We finally played Valorant

Written by Alex Maidment (nSanity Beach)

Valorant is a free-to-play tactical first person shooter game. It sits somewhere between Overwatch and CS:GO, so on paper, it was perfect for the Casual Heroes, who have always aspired to be good at CS:GO but love the artwork, abilities and feel of Overwatch.

Despite the intro Valorant is it’s own game and Riot Games have done a great job in releasing a solid free-to-play game that feels like it could have a lot of life to it.

Although the game had a closed beta in April 2020, it released to the public at the beginning of June and after putting of installing it for no good reason, a few of us finally got round to installing the game and giving it a go. Now, if I’m being honest, I was a little worried about how it would run – although I have a solid gaming rig, it’s 5 years old now and within the same weekend of downloading Valorant, I also did some much needed upgrades to the cooling on the PC (more on that later).

I had no reason to be worried – as detailed in the specs on the Valorant website, at the lower end it could practically run on a sack of potatoes (well, maybe not), or at least a low-end PC. Even at the higher spec recommendations we’re not talking about mega machines, but a decent mid-spec rig will easily handle Valorant with high frame rates and resolutions.

Getting into the game itself is very easy as well – you start with a brief tutorial of how the mechanics work and what the main objective of the game is – this part feels very Overwatch-esque, as does the character selection and art style, but honestly, it’s one of the things I really like about it – it somehow makes the game feel a lot more accessible than CS:GO does – less intimidating maybe?

Once you’ve been through the training and actually gear up for a game, you can select from a couple of main game modes: Unrated and Spike Rush .

Unrated is just an unranked version of the main game – essentially, an objective based game type in which one team has to plant the ‘spike’ and the other needs to try and defuse it. Each map has different spike sites, A, B and sometimes C depending on the map. Either team can also win on defeating all enemies providing the spike hasn’t been planted.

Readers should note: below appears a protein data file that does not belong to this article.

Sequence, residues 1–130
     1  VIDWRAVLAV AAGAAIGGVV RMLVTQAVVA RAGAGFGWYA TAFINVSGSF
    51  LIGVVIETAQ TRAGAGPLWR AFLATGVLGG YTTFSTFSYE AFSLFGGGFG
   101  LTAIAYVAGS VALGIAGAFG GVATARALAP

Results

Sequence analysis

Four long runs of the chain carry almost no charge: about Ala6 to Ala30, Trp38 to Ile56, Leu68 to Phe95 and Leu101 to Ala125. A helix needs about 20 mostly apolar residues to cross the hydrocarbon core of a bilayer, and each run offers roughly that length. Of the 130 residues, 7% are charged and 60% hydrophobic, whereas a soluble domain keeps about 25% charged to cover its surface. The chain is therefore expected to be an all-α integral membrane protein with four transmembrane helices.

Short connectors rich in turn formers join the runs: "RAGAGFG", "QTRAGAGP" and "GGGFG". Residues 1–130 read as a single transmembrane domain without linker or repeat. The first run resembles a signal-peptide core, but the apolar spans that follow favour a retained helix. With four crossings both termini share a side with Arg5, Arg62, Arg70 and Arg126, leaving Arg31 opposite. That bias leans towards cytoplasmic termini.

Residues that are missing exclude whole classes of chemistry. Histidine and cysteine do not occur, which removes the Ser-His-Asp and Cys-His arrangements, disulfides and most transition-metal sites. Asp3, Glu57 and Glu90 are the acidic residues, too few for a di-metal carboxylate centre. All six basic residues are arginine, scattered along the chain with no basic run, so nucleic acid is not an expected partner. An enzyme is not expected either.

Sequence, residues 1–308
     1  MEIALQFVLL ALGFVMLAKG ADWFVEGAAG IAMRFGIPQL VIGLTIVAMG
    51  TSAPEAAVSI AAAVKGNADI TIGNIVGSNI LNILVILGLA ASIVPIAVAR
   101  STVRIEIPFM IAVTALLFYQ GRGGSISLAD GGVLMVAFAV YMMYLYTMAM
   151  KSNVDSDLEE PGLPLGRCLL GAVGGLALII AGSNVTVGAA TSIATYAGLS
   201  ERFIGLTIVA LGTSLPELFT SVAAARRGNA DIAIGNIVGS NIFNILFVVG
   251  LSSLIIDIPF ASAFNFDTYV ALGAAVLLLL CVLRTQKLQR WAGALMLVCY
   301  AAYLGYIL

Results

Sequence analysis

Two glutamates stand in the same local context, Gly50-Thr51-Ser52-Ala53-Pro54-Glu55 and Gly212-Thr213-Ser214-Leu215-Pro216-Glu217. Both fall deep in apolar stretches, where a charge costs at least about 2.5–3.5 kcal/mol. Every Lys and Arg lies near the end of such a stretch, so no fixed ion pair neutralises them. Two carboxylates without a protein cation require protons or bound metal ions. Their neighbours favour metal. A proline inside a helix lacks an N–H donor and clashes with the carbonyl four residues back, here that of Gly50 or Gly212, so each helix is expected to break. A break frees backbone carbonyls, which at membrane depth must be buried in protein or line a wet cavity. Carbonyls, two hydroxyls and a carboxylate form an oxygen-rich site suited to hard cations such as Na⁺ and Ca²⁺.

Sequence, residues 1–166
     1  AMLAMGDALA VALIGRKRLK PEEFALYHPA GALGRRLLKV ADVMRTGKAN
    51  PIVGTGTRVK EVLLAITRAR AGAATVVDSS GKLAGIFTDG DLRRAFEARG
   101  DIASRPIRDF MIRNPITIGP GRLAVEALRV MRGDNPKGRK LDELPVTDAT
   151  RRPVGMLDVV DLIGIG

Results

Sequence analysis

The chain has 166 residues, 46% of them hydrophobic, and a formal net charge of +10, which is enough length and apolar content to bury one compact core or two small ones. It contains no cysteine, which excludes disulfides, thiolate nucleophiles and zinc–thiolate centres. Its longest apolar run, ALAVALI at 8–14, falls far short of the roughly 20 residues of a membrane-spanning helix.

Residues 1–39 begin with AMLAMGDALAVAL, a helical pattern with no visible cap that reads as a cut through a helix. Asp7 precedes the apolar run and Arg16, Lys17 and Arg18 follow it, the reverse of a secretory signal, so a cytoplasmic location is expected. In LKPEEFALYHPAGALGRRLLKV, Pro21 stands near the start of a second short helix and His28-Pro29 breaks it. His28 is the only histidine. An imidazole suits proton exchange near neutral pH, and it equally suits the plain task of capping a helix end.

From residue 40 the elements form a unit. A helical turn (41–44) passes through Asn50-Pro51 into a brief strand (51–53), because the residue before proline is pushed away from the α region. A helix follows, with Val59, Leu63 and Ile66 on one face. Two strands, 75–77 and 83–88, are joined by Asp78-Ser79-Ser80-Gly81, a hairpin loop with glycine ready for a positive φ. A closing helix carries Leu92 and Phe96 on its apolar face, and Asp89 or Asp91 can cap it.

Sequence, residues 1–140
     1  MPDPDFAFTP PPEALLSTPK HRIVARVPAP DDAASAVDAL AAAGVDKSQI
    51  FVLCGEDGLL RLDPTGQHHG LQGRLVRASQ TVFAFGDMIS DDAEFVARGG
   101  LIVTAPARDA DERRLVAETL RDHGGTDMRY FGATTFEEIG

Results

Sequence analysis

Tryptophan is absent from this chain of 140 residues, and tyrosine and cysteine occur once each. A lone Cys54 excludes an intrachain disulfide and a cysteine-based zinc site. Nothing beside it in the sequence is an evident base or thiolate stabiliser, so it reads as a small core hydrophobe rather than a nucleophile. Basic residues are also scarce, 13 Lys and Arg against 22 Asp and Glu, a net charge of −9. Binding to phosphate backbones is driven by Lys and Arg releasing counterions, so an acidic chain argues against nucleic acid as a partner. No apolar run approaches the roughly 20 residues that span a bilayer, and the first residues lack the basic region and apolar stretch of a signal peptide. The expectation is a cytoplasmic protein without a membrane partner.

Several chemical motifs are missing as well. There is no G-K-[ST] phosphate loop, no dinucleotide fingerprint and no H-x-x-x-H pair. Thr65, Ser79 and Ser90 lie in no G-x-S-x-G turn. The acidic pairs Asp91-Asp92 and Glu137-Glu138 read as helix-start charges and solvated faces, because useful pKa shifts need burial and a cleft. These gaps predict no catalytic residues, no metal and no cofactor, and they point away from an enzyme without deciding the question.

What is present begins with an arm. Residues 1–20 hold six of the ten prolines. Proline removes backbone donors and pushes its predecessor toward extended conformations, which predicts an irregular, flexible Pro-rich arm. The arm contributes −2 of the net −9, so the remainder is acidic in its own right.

For the objective of the game – think CS:GO. The game can last a while (up to 40ish minutes) and the team that successfully wins 13 rounds is the winner (that could mean 25 rounds in total!). Both teams get a chance to plant and defuse, although, I have to say that one element of the game type that I think could be improved is how often the sides switch.

Currently, the attacking/planting team have 12 rounds planting and often, the planting side seems to prevail. While it can be pretty even, we did have a game where the starting attacking team won all 12 of their planting rounds, meaning we had 1 chance to plant and try and bring it back after it switched – we actually won that round and a couple more, but still, we lost 13-3 and it felt a bit unfair that we got such a small chance to try planting ourselves – maybe switch every 6 rounds?

Still, it’s a fun game type that brings in a nice twist to the usual plant/defuse tactical game-mode with different character abilities – from teleportation to resurrection to a bow and arrow that allows you to see where enemy players are. These character abilities bring about the Overwatch style feeling that you don’t have to be the best FPS player to have a great game and support the team!

The other game mode, Spike Rush is a much quicker game type, consisting of less rounds and equips every player on the attacking team with a spike and an aim to plant. It plays more like a team deathmatch with an additional element of objective added in.

Other things you need to know about the game:

  • It uses a CS:GO like system for equipping weapons and shields – essentially, weapons cost money and you make money in the round by playing well. Don’t play well and you might be running pistols for most of the game…
  • Teamwork helps a lot – too many times have I played Unrated and the whole team just runs off in different directions playing for their own K/D, rather than assisting the spike character and playing the objective! Help your team, you’ll get more out of the game and winning feels good!
  • Use the chat function for callouts and encouragement – if you know where an enemy is or where the spike has been planted, tell your team, it helps everyone! And try not to be toxic, there’s no point!

So, first impressions – it’s a decent game. It plays nicely, it looks lovely in terms of maps – bright and fresh, it’s fun to play a CS:GO style objective but with Overwatch style abilities and artwork.

Try it, it’s free!

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